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April 28. At Calcutta, James Philip December 1. At Montrose, Mary Ruperta Inglis, Esq.
Smith, wife of the Rev. Mr George Cowie, : May 4. At Calcutta, Dr James Camp- Montrose. bell. Dr Campbell was third son of the 2. At Hamble, Hants, Admiral Billy late John Campbell, Esq. cashier of the Douglas, in his 67th year. Royal Bank, Edinburgh.
At Edinburgh, Mrs Margaret Grant, June. At Fort William, East Indies, relict of the Rev. Lewis Grant, late miniwhere he remained confined 17 years, 3 ster of Ardchattan. months, and 4 days, on account of his trea. At Wauchope, Ann Scott, aged four cherous murder of Mr Cherry, and others, years and nine months; and on the 6th, at Benares, the famous Vizier Ally ; his Charles Scott, aged three years and six age was only 36.
months, children of Walter Scott, Esq. October 9. At Grenada, Samuel Harri- 3. At Edinburgh, Mrs Lindsay, relict son, Esq. Deputy-Assistant-Commissary- of the Rev. William Lindsay, minister of General to his Majesty's forces, aged 21. Kilmarnock.
14. In Jamaica, Neil Snodgrass, Esq. At St Andrew's, Mrs Jane Tod, late of Paisley.
wife of William Fernie, Esq. of New. November 3. At Quebec, Colonel Myers, grange. Quarter-Master-General in North America, 6. At Dornoch, aged 92, Miss Margaret an officer universally esteemed.
Gordon, sister of the late Sir John Gordon 18. At Mauchline, Mr John Mair, in of Embo, Bart. the 105th year of his age. To a masculine 7. At Waterford, Ireland, Alderman Siunderstanding he united poignant wit, ge- mon Newport. He was the oldest member nuine humour, and a rare vivacity. As a of the common council, and consequently teller of stories, he was almost without an the father of the city of Waterford. He equal. His mental energies and bodily was also one of the oldest commercial men strength continued unimpaired until shortly in Ireland. He had completed the age of before his death. He was born in the pa- 90 years, having been born on the 11th of rish of Galston, in March 1713.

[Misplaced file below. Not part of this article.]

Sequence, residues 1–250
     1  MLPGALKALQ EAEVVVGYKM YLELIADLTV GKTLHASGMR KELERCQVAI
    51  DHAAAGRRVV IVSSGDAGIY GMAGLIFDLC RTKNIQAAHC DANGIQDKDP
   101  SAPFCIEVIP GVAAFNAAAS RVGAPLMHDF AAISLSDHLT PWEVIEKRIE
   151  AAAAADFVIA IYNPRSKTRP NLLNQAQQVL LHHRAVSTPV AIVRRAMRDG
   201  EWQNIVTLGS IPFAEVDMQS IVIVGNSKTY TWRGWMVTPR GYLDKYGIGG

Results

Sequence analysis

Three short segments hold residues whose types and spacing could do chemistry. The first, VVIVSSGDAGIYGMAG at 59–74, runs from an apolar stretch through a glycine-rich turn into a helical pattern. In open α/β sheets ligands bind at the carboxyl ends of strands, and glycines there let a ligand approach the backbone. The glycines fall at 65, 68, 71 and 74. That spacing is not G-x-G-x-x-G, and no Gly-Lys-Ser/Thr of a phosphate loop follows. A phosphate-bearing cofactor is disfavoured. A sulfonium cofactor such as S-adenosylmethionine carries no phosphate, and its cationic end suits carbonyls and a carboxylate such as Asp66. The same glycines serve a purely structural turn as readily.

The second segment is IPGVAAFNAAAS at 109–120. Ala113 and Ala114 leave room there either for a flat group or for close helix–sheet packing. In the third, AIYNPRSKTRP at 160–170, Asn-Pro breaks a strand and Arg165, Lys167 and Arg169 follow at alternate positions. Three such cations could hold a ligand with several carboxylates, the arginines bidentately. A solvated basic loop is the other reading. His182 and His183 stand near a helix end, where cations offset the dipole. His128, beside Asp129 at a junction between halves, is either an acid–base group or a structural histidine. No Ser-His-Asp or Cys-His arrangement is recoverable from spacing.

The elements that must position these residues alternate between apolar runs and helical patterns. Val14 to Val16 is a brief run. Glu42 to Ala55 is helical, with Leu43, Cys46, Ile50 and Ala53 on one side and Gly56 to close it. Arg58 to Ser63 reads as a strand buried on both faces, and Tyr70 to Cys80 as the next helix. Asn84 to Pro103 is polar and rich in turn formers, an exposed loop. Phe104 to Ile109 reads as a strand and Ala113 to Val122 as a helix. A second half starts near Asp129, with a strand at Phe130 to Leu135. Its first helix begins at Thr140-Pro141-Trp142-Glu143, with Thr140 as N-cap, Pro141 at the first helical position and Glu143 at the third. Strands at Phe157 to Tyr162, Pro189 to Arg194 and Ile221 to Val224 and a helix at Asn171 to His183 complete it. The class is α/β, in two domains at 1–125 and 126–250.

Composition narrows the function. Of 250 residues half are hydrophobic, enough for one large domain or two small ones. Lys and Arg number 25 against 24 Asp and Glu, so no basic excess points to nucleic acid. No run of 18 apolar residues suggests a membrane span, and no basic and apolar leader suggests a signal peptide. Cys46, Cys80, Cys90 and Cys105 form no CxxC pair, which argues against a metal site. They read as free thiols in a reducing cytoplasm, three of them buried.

November 1727. 19. At Tranent Lodge, aged 79, Mr In London, aged 63, Vice-Admiral William Wood, late of Gifford. What is William Bligh, F. R. S. of Farningham worthy of remark, Mr Wood was among House, Kent. the first who introduced the two-horse 9. At Lossit, Hector Macneal of Ugaplough into East Lothian.
dale, Esq. 22. Of typhus fever, at Belle Cottage, Mr Cuthbert Mills, of the Low Lights, Ireland, Pierce Frederick Blair, Esq. bro. Shields, ship-owner, aged 92. He was with ther of the late Sir D. Blair. His fortune, Rear-Admiral Hawke on the famous 14th consisting of £22,000, in Government se- of October 1747, and was accounted one of eurities, he bequeathed to his four nieces; the most intrepid seamen in that glorious the reversion of his beautiful cottage, in the but running tight. county of Wicklow, to his nephew, Frede- 11. At Edinburgh, John Ross, Esq. rick Gustavus Moore, Esq. of Dublin. writer to the signét.
23. At Stockbridge, near Dunbar, the At Manse of Gartly, the Rev. James Rev. George Campbell
Scott, in the 88th year of his age, and in 25. At Glasgow, Adam Bogue, Esq. the 48th year of his ministry in that parishi. merchant.
12. At his house in North Charlotte 28. At London, in the 430 year of his Street, Edinburgh, Sir John Henderson of age, Lieutenant-Colonel Fraser, 76th, or Fordel, Bart. Hindostan regiment. He was a brave and At Shelburn Bank, by Newhaven, most meritorious officer ; he also possessed Captain David Wishart. those virtues which add so much lustre to 13. At Aberdeen, John Anderson, Esq. the human character in private life, late of the island of Tobago, aged 65. affectionate husband, a tender parent, and 14. At Edinburgh, William Sibbald, a faithful friend.
Esq. merchant, and Admiral of Leith. Mr 30. At Edinburgh, Mrs Margaret Hay Sibbald was one of the oldest and most pubof Haystoun, in the 98th year of her age. lic spirited merchants in Leith. As a mark